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VNU Net: Novell criticised over directory strategy

By Linda Leung, VNU Net

Researcher Gartner has slated Novell for not giving away Novell
Directory Services (NDS) free of charge to sew up the market before
Microsoft launches Active Directory as part of Windows 2000.

Gartner research director Neil MacDonald said: “It’s
not about directory technology. The value is in the software and
the management of directories. If Novell had given NDS away
free it would be more successful selling directory-enabled
management products
because it would have already seeded the
market.”

Speaking at Gartner’s US Spring Symposium in San Diego this
week, MacDonald said the directory services market will disappear
by 2003 as it becomes commoditised and that Novell should turn its
attention to pushing directory-enabled management tools.

He also said that Novell is too reliant on Netware, which
accounted for two thirds of the company’s revenue in 1999, while
products for the directory-enabled management space, the firm’s
biggest opportunity, contributed less than one per cent.

Netware will account for 37 per cent of sales by 2004, while
directory management will pull in 14 per cent of revenue, said
Gartner.

Novell will begin to lose network operating system market share
to Microsoft by 2002, as organisations standardise on Windows NT
and 2000, said MacDonald. Although this will not mean the immediate
death of Novell, the networking company is not growing because of
its inability to sell outside its large and loyal installed
base.

“Novell should get revenue outside of Netware by moving to
directory-enabled management, for example, but it will still have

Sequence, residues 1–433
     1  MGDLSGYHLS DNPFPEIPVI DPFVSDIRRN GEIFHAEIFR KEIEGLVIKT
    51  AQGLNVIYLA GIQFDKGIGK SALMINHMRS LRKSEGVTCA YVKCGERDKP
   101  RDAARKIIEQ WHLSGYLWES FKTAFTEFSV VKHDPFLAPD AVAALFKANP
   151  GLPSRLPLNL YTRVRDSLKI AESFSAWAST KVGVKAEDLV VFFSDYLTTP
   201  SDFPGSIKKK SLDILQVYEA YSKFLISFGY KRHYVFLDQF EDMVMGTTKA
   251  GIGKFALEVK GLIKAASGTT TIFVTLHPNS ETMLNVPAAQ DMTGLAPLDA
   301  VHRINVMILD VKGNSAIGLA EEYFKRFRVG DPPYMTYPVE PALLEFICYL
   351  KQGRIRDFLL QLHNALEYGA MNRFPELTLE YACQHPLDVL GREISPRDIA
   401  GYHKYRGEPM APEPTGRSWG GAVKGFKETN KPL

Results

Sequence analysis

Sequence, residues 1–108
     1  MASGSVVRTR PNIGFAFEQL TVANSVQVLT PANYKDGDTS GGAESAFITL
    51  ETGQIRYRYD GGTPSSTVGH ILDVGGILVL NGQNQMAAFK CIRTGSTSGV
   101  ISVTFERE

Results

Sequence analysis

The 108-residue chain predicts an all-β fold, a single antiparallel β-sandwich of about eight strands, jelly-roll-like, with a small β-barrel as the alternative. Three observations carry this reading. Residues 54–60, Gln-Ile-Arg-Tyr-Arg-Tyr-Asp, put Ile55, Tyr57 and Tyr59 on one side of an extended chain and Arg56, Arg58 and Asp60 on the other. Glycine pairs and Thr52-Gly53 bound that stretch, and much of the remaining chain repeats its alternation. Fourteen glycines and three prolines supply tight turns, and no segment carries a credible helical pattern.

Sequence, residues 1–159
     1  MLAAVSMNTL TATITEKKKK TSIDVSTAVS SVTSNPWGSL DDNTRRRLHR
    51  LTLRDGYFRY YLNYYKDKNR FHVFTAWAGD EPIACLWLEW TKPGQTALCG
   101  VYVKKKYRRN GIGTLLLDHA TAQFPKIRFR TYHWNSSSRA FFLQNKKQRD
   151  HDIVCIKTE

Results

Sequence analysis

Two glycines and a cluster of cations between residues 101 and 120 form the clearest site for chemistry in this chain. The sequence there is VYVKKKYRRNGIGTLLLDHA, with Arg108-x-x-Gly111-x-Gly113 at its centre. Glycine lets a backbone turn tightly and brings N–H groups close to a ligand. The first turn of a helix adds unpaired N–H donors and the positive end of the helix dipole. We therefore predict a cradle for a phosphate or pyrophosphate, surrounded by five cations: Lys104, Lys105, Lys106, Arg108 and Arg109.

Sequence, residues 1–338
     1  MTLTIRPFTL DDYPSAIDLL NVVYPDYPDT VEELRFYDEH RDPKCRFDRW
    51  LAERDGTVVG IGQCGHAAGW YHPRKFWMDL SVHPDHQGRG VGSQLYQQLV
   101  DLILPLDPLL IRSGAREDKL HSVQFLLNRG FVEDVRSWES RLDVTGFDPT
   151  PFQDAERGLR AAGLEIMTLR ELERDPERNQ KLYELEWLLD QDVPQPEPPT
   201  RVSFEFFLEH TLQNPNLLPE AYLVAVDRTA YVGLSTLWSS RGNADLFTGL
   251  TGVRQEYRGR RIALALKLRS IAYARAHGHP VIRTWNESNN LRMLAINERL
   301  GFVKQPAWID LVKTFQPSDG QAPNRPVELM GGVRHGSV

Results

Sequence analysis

extreme difficulty targeting products outside its installed base
with things that appeal to new customers, said MacDonald.”

One market that has not been exploited is in companies with
fewer than 3000 desktops where Microsoft is strong. Last year, 69
per cent of Novell’s revenue came from companies with more than
3000 desktop systems, but this will grow to 78 per cent by 2004,
predicts Gartner.

MacDonald said Novell’s strength lies is its multi-platform
support for NDS, but warned that not all versions are equal. For
example, NDS running on Netware provides users with a comprehensive
set of features, but users of IBM’s OS/390 platform just get
internet packet exchange (IPX) support, said MacDonald.

Despite Novell’s promise to make all its products cross-platform
under its directory enabled infrastructure model strategy announced
last month, MacDonald said the company will drop support NDS’
support ofAIX, HP-UX, Linux, OS/390 and SCO Unix by the end of
2004
as it becomes expensive to develop various version in a
commodity market.

He said identity management also represents a good opportunity
for Novell as this draws on its experience in directory services
and as organisations move information policies beyond firewalls.
One example of Novell’s product in this space is Digitalme, which
enables consumers to manage their identities on the web.

Gartner said Digitalme should either be spun off or absorbed
into a larger initiative by the end of next year to ensure its
success.